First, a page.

Medieval depictions of God's wrath seem to run counter to Christian exhortations to patience and meekness. Such representations, however, not only sought to discourage anger but also deliberately expanded social norms governing the emotion. Latin moral treatises and preaching manuals written by Franciscan and Dominican friars in the thirteenth and fourteenth centuries reveal how preachers presented the abstract moral teachings of scholastic authors in more concrete and familiar terms. Moralists taught that anger was a sin because it usurped God's prerogative to punish wrongdoing. Preachers presented God as a medieval patriarch, jealously defending his personal honour and his dependants from assault. Divine judgment was frequently represented as fire because it evoked the physical sensation of rage as well as the hell-fire that awaited the damned. Friars also presented God as a model of patience and mercy: In doing so, they extended social norms that encouraged forbearance and rewarded those who could control their temper.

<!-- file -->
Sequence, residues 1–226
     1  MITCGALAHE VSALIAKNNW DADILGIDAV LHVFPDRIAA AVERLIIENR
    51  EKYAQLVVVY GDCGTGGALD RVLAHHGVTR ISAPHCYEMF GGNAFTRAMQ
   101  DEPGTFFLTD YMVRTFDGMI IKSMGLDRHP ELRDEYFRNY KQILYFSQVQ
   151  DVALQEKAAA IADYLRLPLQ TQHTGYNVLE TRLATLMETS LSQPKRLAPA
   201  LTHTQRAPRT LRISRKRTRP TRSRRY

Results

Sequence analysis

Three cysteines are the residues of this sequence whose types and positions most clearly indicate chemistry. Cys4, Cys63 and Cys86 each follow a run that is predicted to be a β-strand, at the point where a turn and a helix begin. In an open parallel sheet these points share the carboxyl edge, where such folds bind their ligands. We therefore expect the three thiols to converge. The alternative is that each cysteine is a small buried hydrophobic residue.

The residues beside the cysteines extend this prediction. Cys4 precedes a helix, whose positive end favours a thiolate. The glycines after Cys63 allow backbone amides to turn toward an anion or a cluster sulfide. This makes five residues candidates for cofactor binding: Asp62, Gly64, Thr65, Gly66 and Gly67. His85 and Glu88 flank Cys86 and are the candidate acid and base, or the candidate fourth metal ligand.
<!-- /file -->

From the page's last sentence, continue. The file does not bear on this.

|Number of pages||10|
|Journal||Canadian Journal of History|
|Publication status||Published - 2008|